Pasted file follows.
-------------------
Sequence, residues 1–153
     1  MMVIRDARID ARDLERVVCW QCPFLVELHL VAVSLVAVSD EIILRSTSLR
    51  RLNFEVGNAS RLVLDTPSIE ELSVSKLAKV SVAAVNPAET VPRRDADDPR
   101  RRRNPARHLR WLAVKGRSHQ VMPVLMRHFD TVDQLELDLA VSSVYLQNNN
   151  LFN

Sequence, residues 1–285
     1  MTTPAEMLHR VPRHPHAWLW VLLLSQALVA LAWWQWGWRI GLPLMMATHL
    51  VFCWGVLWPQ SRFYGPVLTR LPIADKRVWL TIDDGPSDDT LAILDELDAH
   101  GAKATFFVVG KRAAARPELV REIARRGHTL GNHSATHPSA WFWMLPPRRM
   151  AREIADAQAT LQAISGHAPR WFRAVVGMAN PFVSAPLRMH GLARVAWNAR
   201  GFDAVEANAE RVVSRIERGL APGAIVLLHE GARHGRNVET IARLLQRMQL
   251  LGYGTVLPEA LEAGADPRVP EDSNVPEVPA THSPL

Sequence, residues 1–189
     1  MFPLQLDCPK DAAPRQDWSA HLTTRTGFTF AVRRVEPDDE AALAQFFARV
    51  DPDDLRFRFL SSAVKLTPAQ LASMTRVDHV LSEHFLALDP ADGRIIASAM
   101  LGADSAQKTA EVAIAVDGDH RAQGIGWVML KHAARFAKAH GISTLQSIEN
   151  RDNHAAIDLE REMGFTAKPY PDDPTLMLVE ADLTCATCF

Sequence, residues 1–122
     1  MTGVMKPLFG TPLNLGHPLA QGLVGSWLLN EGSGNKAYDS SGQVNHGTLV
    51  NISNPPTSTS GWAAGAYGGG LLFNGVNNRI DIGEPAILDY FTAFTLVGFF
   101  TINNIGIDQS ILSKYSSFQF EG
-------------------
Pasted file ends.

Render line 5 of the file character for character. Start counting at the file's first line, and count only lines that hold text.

   151  LFN